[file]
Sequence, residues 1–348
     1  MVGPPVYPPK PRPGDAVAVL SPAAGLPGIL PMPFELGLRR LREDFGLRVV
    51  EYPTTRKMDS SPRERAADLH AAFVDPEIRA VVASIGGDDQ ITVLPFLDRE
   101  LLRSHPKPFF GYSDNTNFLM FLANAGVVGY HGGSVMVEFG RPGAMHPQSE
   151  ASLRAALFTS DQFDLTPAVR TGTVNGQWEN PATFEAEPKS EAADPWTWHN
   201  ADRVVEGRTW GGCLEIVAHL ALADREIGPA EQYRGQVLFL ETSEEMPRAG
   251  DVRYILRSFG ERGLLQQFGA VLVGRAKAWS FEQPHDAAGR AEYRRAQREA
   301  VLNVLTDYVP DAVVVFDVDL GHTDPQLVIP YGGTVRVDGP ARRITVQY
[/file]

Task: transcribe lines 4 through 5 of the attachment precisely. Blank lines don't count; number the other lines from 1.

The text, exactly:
   101  LLRSHPKPFF GYSDNTNFLM FLANAGVVGY HGGSVMVEFG RPGAMHPQSE
   151  ASLRAALFTS DQFDLTPAVR TGTVNGQWEN PATFEAEPKS EAADPWTWHN